Google has one of the world’s most comprehensive databases of Places information, including over 50M business listings and points of interest worldwide. The Google Places API lets your applications tap into that database, to find the Places your app needs, so that users can indicate the Place they are at, or discover new Places nearby.

Following the introduction of the Places API at Google I/O last year, we worked with developers in a limited preview to understand what was needed to ensure the Places API is as powerful and easy to use as possible. In the “Connecting People with Places” session at this year’s I/O I was very happy to announce that having implemented the feedback we received during the preview, the API is now accessible to all:

The Places API is provided in two ways, a set of XML and JSON web services, and a set of corresponding classes in the Maps API v3.

The web services are ideal for mobile app developers, and can be queried from the developer’s own infrastructure, or directly from the app running on the smartphone. The Places API Search service focuses on location-based search, delivering up 20 Places in the vicinity of a user’s location. Search results can be filtered by Place name, or by one of over 90 categories, such as ‘restaurant’, ‘night_club’ or ‘spa’. The Places API Autocomplete service focuses on text based search, providing autocompletions of Places near the user as they type.

The Places API Report services also allows apps to submit new Places provided by users, which are instantly added to subsequent search results, and also delete them at a later date if required. Apps that allow users to identify the Place they are in at the time can also pass this “check-in” signal back to the Places API Check-in service which factors this real time popularity signal into the ranking of subsequent searches, so that the Places popular with users of the app are ranked higher in real time.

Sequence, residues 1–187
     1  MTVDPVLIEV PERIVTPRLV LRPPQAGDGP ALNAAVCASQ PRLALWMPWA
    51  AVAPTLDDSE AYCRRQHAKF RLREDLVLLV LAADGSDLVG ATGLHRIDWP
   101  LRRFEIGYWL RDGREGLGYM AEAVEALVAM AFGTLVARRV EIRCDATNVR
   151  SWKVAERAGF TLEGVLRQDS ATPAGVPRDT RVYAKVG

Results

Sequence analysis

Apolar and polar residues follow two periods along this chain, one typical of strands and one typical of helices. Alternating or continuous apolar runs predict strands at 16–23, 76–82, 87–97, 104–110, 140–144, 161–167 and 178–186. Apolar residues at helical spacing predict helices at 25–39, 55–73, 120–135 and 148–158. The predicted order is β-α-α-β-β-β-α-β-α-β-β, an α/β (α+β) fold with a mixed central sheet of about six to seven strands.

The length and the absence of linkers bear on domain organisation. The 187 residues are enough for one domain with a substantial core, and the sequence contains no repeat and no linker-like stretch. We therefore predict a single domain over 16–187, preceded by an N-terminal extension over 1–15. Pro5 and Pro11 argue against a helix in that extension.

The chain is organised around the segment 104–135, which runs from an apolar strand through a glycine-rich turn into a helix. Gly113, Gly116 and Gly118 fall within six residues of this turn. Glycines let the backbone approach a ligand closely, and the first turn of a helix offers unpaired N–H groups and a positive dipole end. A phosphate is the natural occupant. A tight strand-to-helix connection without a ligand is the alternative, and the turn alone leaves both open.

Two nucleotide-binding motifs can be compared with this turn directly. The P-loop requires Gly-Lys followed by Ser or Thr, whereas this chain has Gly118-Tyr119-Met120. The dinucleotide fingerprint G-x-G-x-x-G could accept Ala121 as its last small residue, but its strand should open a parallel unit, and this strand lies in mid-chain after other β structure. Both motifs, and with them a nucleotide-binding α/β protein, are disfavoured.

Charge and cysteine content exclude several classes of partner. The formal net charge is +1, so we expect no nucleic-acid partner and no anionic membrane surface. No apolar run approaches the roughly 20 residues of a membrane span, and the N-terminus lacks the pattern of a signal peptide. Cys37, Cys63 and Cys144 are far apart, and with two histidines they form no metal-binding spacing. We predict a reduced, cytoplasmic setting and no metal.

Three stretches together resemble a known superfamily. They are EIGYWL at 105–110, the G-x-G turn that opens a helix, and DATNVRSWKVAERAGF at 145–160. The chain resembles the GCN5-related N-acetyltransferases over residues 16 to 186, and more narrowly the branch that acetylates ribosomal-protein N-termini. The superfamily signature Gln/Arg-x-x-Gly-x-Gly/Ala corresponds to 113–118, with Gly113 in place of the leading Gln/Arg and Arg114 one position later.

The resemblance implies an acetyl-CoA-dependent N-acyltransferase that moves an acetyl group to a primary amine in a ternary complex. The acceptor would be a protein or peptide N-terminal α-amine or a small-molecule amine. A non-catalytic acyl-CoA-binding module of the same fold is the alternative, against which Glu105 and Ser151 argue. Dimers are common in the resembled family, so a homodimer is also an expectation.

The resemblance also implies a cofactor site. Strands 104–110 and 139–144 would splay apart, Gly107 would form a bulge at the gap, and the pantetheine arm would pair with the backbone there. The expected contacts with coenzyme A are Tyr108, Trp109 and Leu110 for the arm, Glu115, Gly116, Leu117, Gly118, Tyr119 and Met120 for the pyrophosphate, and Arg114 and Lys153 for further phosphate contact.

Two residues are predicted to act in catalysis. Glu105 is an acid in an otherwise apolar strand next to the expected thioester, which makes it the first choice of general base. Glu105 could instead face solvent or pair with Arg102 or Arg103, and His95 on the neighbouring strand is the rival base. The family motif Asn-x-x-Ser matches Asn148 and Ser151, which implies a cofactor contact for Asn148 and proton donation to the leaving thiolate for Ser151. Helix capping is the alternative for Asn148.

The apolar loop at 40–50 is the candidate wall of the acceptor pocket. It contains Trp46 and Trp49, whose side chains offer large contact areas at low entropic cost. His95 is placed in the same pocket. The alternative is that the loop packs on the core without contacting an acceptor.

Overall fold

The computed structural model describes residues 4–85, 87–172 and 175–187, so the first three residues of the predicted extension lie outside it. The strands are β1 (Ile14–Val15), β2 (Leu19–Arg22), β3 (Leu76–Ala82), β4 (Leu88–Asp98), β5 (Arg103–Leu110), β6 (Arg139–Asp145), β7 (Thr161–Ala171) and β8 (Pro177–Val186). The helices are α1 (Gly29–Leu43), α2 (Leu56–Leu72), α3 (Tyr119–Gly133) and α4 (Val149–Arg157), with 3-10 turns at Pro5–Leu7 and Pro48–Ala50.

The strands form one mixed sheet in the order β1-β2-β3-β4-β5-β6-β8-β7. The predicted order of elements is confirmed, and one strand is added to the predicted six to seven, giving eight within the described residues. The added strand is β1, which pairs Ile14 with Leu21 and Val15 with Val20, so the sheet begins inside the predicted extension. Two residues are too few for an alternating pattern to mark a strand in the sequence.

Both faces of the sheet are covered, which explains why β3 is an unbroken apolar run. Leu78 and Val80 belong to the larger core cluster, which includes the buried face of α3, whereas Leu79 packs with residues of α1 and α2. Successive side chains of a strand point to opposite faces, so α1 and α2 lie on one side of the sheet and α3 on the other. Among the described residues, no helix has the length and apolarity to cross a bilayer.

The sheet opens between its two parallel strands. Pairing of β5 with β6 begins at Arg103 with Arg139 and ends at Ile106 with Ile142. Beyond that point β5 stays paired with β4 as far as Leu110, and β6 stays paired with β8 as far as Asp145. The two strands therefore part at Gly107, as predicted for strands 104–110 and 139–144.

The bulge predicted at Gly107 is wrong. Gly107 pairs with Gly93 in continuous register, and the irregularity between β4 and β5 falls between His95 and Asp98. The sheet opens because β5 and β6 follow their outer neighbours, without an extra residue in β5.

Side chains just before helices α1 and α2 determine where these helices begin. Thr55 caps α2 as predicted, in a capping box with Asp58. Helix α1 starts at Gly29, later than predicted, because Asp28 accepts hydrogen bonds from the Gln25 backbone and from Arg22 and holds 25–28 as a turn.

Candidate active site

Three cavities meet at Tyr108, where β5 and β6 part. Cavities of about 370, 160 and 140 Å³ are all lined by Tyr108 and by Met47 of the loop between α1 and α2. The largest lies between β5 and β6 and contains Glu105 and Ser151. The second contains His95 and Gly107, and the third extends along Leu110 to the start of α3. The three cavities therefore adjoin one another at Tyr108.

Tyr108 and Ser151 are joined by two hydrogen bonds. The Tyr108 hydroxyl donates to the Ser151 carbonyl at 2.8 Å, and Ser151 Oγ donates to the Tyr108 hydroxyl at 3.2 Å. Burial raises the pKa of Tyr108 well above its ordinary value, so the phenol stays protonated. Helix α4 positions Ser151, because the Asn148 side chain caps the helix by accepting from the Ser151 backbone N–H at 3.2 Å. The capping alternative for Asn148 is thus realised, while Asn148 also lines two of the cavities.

The Engineering Lead for the Places API, Marcelo Camelo, dove into how to get started with the Places API web services, and the structure of requests and responses in the “Location Based App Development using Google APIs” session:

For web based applications the Places API has also been integrated into the JavaScript Maps API v3. The PlacesService class provides access to Places API Search directly from the web based Maps applications, while the Autocomplete class enables a HTML text field to predict autocompletions of Places as the user types:

To use the Places API classes in your Maps API applications you simply need to request the new places library when you load the API into your web page. To use the web services, you must first create a new project in the Google APIs Console, and then enable the Places API on that project. You can then use the APIs Console key for that Project to access the Places API.

Initially your key will offer courtesy quota of 1,000 requests per day. Once you are ready to launch the next great location based app, simply “Enable billing” on the project. You will be prompted to provide credit card details, in order to verify your identity. Once you have done so, your quota will increase to 100,000 requests per day, but the API will remain free to use. Note that you may be charged if you use the same key for other APIs, which you can avoid by creating a separate project for accessing other APIs.

For more information on how to use the Places API, check out the documentation for the Search and Autocomplete web services and Maps API v3 places library. You can also discuss the API with other developers on the Google Maps API Web Services forum, and request additional features you would like to see the API offer, or report any problems you find, using the Places API section of the Google Maps API Issue Tracker.

Our launch at Google I/O this year was just the beginning of the Google Places API story. We are looking forward to bringing you many more features in the future to help you build more innovative and compelling location based applications. So do get started developing your apps, but keep an eye on this blog for more to come!